More punk than pink: Pink Floyd’s relationship with 1970s UK punk

Martin James

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    When a young Johnny Rotten walked into Malcolm McClaren’s Kings Road shop SEX wearing a Pink Floyd t-shirt with the words “I hate” scrawled above the band’s name a tension was created between punk and the generation of hippies before them. Pink Floyd and prog rock quickly became represented as punk’s natural enemy in the press, while young punk throughout the country quickly embraced an outward hatred of their older siblings’ record collections.

    Similarly punk was represented as the enemy of musicians everywhere, with prog rockers and their fans openly taking up arms (and cloaks) against these unskilled upstarts. And here started a battleground that would became central to the official histories of both prog and punk - the former would point to their foe as the reason for their demise, while the latter would present their enemies as being emblematic of everything they’d come to destroy.

    Except that was neither an accurate portrayal of the relationships between each scene and associated bands, nor was it an honest appraisal of the subcultural actors associated with these styles. In fact the battleground was less about simple opposition than the personal tensions caused by both the authenticating agents and processes associated with those authenticities. Official histories prefer the simplistic binaries of love/ hate, good/bad etc yet Pink Floyd’s relationship with punk would explore the tensions, revel in the supposed opposition and ‘zig-zag away, through the boredom and pain’.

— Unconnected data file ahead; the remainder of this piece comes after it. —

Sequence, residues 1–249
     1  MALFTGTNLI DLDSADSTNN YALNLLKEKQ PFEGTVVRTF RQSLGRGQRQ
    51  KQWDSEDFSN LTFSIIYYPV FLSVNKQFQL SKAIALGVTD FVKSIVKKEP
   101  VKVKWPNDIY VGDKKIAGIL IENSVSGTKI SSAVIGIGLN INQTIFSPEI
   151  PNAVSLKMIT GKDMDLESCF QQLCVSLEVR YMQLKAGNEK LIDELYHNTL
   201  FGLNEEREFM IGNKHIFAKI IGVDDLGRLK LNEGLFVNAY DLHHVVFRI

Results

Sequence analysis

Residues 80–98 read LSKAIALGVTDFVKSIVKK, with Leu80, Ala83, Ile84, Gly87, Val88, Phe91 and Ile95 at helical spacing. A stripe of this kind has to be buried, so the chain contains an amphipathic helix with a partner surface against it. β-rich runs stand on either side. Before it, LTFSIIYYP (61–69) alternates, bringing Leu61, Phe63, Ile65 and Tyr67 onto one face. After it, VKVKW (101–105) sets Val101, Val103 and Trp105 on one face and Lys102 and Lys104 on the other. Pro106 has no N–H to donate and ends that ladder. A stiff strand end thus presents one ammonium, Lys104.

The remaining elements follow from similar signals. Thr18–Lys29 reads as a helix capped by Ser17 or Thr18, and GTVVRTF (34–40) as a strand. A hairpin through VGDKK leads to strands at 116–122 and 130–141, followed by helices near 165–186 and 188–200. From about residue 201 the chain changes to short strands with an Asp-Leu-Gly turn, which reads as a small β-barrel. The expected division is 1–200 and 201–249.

This chapter will explore the influence of Pink Floyd on punk through early tracks like ‘Interstellar Overdrive’; the influence of punk on Floyd as heard on Animals and the band’s associations with punk through politics, production and performance. Indeed, just as John Lydon would admit to his love of progressive rock after his departure from the Sex Pistols before embarking on the progressive punk Public Image Ltd, so too Pink Floyd would explore many of the same themes and concerns as those expressed in punk.

    At Pink Floyd’s Animals gigs in London’s Wembley Empire Pool it was noticeable just how many young punks were present. Enjoying a guilty pleasure before the laws of punk became enforced perhaps, but more likely the political dynamic of Floyd’s output actually found an uncomfortable, unlikely and in denial bedfellow in punk. Not for nothing did The Damned ask Nick Mason to produce their second album Music for Pleasure.
    Original languageEnglish
    Title of host publicationThe Routledge Handbook of Pink Floyd
    EditorsSimon Morrison, Christopher Hart
    Publication statusPublished - 28 Sept 2022


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